Hypothetical Reader: "The series is called Isaac's Story: London. But I've read some of it now and nobody in it is called Isaac. Huh?"
Me: Isaac shows up in book 6.
Hypothetical Reader: "But I only bought the thing because I wanted some hot Isaac-based action."
Me: You don't know who Isaac is.
HR: "That's my kink, reading about guys called Isaac getting into near-future thriller scenarios. This is false advertising."
Me: Just imagine the protagonist is called Isaac, if that's your thing. Also, that's a really specific kink. There are a limited number of options where that specific set of circumstances is going to come up.
HR: "You'd be surprised."
Me: I've just imagined another page of conversation with a hypothetical reader I'm making up right now. Like, as I'm typing. And it's given me an idea for a story, which I now have to outline.
Me: I'm just saying, I'm pretty messed up. You'd be surprised at what surprises me.
HR: "Answer me, writer-man! Where's Isaac?"
So, where's Isaac?
When I came up with Isaac's story it was set a lot further into the future than the current series. 250 to 300 years, instead of 20. I sketched out five books, each self-contained but leading to the next, with recurring characters and an obvious series arc. The series is called Isaac's Story: Hong Kong, and I've outlined and part-written the first in that series (the title is Dark Age, for now).
But I needed to know what the near future would be like to understand the world. I needed to know what led to Isaac's story. So I sketched out the future, doing the necessary research and fleshing out how I saw the next few decades going, and enjoyed every moment of it. I fell in love with this world I'd built and I knew I'd have to write some stories there, if only to get to feel it, to breathe the air of this future London and watch the people go about their lives.
So I wrote something (The Bridge) which let me play in my new sandbox. And then I wrote something else (The Algorithm), and I set it 5 years later. The city was different, colder and darker. I had a new series, with an arc that followed the growth and change of a city, rather than a single person. I had recurring characters that I wanted to play with and observe, and I knew where the world was going already. Thanks to that original idea I already knew the ending.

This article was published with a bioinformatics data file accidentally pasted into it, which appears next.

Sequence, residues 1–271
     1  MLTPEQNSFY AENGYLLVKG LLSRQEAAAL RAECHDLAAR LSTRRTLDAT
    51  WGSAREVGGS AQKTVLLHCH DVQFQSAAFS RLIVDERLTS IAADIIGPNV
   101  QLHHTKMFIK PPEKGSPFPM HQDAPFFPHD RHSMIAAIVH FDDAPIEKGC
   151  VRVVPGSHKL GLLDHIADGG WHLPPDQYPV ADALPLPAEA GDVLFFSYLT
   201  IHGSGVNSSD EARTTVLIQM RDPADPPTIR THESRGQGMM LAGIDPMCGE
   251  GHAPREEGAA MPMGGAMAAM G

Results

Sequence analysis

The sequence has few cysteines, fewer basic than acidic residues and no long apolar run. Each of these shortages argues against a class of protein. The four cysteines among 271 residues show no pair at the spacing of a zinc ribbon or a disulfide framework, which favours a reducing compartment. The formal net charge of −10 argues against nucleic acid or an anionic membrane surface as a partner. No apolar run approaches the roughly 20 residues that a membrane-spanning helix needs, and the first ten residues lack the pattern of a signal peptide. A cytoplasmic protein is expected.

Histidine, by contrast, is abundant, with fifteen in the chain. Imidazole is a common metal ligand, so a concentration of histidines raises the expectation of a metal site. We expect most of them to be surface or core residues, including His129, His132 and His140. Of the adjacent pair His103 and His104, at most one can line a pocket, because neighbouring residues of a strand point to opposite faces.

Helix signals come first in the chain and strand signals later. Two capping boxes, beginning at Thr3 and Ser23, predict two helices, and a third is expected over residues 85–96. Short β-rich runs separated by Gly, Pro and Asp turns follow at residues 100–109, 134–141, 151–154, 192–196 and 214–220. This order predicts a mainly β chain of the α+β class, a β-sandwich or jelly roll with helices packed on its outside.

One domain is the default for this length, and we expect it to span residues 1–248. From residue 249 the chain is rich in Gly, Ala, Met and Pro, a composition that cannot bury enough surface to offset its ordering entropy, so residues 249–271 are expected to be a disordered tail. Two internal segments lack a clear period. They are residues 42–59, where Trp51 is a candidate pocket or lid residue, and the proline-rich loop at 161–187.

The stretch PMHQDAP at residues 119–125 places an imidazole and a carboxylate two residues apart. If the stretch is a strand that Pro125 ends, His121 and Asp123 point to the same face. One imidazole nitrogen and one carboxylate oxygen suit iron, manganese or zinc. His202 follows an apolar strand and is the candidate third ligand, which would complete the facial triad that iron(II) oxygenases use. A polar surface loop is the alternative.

Isaac's Story: London is a prequel to a series that hasn't been written. It's a look into the foundations of a world that you haven't read yet. That you can't (as of this post) read, because it's mostly in my head. I wrote it because I felt like it, and because I could. Thanks to doing this all myself, nobody could stop me.
Was it a good idea though, writing a prequel to something that doesn't exist yet?
That depends on what I'm trying to achieve. I'm in this for the jollies. I write because I have things in my head that want to come out, and it's either this or talking to the cat. People don't take you seriously if you tell long, complicated, action-packed stories to cats, so instead I've decided to write it down. (To be honest, people don't really take it seriously when you write it down either)
So yes, it was a good idea, because the books are good and I enjoyed writing them. One day the series will be a prequel to something that exists and the name will make sense. As I don't have a million readers hanging on my every word I think this is the perfect time to do silly stuff like this anyway.
So there, that's where Isaac is. He's in the future, waiting for me to finish with the backstory that led to his birth.
Me: No, because he hasn't been born yet.
HR: "But I want some Isaac."
Me: It's getting kind of weird that this conversation is still happening. You don't exist, and I've got better things to do than speak to a voice in my head.
HR: "I do exist. Once you imagined me I became a presence in the great unconscious cloud. I am an idea, and ideas never truly die, even if they never truly lived."
Me: This is where I start with the cat waxing, right?
HR: "That cat lives here too. As a metaphor it gets to live in the heights of the unconscious cloud, lording it over mere hypotheticals like me. Oh, to one day work my way up to Metaphor."
Me: Now I'm thinking of a story based around this brain-fart, and I need to get back to work.
HR: "If you write the story, and put me in it, will I then get to see Isaac?
Me: If you're an idea from my mind, and so is Isaac, then he should already be there.
HR: "You're overthinking this."
Me: That's what I was trying to say! Bugger, now I'm getting into an argument with... whatever you are.
HR: "I'm a manifestation of your---"
Me: Shhh. They don't need to know.
Me again: You're just trying to keep me talking, aren't you? To keep you alive.
Me again: HR, are you there?
Me again: ...